For his official White House portrait, Theodore Roosevelt chose the famed French portraiture artist Theobald Chartran, who had earlier done a portrait of the First Lady Edith Roosevelt. "It was difficult to get the president to sit still," The New York Times reported Chartran said before the painting was unveiled and displayed in France in 1903. "I never had a more restless or more charming sitter." Roosevelt, however, hated the painting, and after hiding it in a dark hall of the White House for years, he eventually burned it.

27. William Howard Taft

William Howard Taft
Topical Press Agency, Getty Images

In 1910, William Taft became the first president to attend baseball's opening day and throw the ceremonial first pitch, a tradition that has been honored by nearly every president since (sans Carter and Trump, thus far).

28. Woodrow Wilson

portrait of Woodrow Wilson
Tony Essex/Hulton Archive/Getty Images

Woodrow Wilson is among many U.S. Presidents known for their love of golf. Wilson enjoyed daily rounds to stay in shape and relax, particularly during World War I, when he even used black golf balls so he could play through the winter.

29. Warren G. Harding

Portrait of Warren G. Harding
Courtesy of the National Archives/Newsmakers

Warren G. Harding loved playing poker and held weekly games at the White House. Rumor has it he even bet, and lost, an entire set of official White House china.

30. Calvin Coolidge

portrait of Calvin Coolidge
General Photographic Agency/Getty Images

Though three presidents (Adams, Jefferson, and Monroe) have died on the 4th of July, Calvin Coolidge is the only president to have been born on that date.

31. Herbert Hoover

portrait of Herbert Hoover
General Photographic Agency/Getty Images

After he left office, Herbert Hoover wrote a number of books, including The Ordeal of Woodrow Wilson, the first biography of a president written by another president.

32. Franklin D. Roosevelt

Portrait of Franklin D Roosevelt and his wife, Eleanor, taken at the time of their engagement, circa 1903.
Portrait of Franklin D Roosevelt and his wife, Eleanor, taken at the time of their engagement, circa 1903.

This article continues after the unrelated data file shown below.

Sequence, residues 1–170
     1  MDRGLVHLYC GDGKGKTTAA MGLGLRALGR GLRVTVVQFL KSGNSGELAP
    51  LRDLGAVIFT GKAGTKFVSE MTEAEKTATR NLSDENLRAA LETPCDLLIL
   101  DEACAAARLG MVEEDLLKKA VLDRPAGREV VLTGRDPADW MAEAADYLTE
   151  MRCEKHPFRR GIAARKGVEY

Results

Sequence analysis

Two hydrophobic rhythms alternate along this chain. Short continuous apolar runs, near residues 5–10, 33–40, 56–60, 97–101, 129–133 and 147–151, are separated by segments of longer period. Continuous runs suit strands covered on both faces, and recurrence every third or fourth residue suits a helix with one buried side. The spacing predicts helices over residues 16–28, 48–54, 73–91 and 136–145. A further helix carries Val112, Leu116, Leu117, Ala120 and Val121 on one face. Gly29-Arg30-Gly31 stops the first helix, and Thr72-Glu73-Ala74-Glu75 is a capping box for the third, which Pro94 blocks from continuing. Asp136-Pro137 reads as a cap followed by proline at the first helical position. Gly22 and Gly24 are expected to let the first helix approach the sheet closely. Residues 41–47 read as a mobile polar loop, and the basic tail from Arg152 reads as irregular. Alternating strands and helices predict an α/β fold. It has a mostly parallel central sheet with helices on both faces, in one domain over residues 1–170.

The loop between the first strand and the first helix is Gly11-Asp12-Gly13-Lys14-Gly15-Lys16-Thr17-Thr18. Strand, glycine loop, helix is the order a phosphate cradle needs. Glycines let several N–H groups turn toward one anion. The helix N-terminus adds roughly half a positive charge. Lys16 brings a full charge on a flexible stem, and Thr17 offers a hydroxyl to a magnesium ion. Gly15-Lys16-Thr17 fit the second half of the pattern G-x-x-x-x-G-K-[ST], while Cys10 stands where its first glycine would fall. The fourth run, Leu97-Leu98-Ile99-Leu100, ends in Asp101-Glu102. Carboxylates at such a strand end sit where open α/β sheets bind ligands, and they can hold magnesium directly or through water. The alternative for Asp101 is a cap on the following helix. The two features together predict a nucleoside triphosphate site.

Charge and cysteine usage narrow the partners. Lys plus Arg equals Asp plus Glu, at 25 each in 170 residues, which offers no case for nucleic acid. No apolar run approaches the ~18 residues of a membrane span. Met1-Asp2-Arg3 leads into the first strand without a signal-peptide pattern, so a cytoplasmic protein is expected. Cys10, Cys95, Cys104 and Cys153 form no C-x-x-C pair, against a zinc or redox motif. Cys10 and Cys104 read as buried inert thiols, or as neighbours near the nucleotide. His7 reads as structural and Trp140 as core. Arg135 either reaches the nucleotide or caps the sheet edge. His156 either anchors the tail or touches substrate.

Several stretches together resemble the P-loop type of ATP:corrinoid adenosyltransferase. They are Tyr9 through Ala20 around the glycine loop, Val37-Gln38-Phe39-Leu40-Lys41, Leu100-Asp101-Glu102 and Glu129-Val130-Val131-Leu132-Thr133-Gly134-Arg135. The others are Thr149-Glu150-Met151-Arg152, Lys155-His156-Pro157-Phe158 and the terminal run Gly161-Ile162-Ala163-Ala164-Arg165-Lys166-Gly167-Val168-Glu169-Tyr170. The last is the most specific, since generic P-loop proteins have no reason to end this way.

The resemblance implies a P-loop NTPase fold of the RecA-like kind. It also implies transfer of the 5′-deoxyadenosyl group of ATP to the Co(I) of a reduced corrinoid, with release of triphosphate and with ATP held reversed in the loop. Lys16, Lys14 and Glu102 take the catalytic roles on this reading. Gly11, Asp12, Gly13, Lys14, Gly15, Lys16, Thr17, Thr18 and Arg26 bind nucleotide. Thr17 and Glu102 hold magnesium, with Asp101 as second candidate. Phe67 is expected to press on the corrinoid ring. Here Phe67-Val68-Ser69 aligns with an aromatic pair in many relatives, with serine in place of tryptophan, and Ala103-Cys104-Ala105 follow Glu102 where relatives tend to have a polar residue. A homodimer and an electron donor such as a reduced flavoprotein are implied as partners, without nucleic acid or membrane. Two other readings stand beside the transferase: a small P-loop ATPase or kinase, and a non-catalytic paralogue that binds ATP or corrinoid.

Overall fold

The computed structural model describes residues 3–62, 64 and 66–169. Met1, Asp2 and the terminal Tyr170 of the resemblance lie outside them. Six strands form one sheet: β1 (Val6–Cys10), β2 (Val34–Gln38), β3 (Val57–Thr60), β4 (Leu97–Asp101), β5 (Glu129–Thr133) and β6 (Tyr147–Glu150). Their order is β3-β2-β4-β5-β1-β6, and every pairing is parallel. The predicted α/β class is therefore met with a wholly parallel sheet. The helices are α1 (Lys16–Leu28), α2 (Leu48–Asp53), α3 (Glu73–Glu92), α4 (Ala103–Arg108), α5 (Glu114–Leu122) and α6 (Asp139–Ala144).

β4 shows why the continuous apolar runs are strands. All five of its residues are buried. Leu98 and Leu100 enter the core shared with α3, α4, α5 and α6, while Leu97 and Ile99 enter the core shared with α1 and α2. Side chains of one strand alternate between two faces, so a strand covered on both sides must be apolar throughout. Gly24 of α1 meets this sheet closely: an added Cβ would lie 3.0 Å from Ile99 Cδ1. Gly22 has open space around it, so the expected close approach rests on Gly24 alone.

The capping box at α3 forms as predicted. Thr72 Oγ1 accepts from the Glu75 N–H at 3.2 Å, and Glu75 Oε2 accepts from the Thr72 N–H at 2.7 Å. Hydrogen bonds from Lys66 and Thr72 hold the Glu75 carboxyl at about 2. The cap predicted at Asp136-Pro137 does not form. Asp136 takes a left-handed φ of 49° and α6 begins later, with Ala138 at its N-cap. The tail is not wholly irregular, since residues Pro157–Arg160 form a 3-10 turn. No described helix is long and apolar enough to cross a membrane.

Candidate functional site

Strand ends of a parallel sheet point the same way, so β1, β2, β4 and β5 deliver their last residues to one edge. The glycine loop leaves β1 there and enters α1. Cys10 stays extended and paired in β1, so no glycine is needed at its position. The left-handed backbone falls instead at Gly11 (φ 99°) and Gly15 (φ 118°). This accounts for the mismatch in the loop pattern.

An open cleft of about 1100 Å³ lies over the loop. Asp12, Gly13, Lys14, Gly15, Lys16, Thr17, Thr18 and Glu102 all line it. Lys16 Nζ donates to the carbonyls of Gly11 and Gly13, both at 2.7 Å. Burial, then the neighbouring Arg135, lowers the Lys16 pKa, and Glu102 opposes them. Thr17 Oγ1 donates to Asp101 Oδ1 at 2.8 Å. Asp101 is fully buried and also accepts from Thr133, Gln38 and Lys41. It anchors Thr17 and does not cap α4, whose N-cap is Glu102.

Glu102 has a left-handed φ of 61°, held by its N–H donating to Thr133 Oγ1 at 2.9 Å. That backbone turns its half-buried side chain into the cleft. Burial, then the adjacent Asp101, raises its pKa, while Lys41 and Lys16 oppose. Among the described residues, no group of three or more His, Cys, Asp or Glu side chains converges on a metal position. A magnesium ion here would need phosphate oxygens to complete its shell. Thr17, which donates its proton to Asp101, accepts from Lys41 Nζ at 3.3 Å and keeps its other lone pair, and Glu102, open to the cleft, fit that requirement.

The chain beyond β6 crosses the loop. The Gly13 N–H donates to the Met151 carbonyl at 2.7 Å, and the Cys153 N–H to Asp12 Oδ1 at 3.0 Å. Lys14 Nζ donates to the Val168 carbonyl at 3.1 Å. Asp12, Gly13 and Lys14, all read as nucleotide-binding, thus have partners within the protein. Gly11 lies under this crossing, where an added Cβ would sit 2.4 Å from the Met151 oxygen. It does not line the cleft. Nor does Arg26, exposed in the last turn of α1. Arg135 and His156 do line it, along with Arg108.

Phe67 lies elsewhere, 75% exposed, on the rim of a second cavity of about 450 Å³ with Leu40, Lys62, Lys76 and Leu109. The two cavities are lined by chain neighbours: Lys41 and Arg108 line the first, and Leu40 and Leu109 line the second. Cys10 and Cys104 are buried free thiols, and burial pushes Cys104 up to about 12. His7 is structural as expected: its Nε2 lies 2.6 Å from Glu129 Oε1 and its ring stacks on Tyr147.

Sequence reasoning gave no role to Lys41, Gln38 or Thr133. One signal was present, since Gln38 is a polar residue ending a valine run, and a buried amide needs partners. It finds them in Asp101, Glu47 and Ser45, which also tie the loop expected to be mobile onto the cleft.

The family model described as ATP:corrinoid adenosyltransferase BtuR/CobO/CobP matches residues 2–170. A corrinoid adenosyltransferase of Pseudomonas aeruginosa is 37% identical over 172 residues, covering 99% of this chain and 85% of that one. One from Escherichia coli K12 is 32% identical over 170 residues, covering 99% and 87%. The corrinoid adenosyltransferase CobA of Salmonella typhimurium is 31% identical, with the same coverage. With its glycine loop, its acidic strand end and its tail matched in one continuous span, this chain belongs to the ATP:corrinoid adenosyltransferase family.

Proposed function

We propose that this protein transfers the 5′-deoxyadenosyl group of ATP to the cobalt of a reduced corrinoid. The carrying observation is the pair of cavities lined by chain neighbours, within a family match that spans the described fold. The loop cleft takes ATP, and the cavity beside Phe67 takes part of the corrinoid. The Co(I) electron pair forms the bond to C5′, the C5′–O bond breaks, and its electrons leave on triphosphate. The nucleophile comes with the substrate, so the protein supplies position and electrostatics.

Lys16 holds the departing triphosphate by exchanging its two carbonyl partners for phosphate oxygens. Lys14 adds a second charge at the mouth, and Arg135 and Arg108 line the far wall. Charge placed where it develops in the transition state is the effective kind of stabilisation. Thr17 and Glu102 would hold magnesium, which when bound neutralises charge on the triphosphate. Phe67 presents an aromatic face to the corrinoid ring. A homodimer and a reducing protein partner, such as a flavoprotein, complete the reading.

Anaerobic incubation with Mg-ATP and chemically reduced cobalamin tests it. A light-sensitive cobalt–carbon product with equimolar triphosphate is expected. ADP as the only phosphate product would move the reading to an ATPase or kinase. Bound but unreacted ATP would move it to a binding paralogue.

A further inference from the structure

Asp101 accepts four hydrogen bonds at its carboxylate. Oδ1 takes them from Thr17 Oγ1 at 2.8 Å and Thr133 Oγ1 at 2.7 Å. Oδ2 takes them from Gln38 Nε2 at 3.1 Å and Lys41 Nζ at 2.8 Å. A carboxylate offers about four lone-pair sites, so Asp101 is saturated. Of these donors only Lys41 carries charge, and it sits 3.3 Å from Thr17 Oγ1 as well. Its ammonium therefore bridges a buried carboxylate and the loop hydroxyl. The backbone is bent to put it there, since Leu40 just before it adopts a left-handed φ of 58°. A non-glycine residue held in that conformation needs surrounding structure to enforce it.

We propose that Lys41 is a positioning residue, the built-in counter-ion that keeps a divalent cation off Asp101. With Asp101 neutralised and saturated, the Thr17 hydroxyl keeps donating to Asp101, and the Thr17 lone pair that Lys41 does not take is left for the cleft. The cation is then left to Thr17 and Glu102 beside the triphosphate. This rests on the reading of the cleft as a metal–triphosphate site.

Keystone Features/Hulton Archive/Getty Images

When Franklin married Eleanor Roosevelt in 1905, they chose the date March 17 because President Theodore Roosevelt would be in New York City for the St. Patrick's Day parade, and he'd agreed to walk Eleanor, his niece, down the aisle. FDR and TR were fifth cousins.

33. Harry S. Truman

Harry Truman takes the oath of office in 1945; standing beside him are his wife, Bess, and daughter, Margaret.
Harry Truman takes the oath of office in 1945; standing beside him are his wife, Bess, and daughter, Margaret.
Central Press/Getty Images

Though Harry Truman met his wife, Bess, in the fifth grade and they were high school sweethearts, they didn't marry until they were in their mid-thirties.

34. Dwight D. Eisenhower

Dwight D. Eisenhower in front of a WWII map.
Keystone/Hulton Archive/Getty Images

Even though Ike's military career spanned both world wars and made him one of only nine men who have ever attained the rank of five-star general, he never once saw active combat.

35. John F. Kennedy

JFK during a campaign.
Keystone/Getty Images

JFK lived off of his family's considerable trusts, so he donated all of his congressional and presidential salaries to charities like the United Negro College Fund and Boy Scouts and Girl Scouts of America.

36. Lyndon B. Johnson

Lyndon B. Johnson behind a podium.
Keystone/Getty Images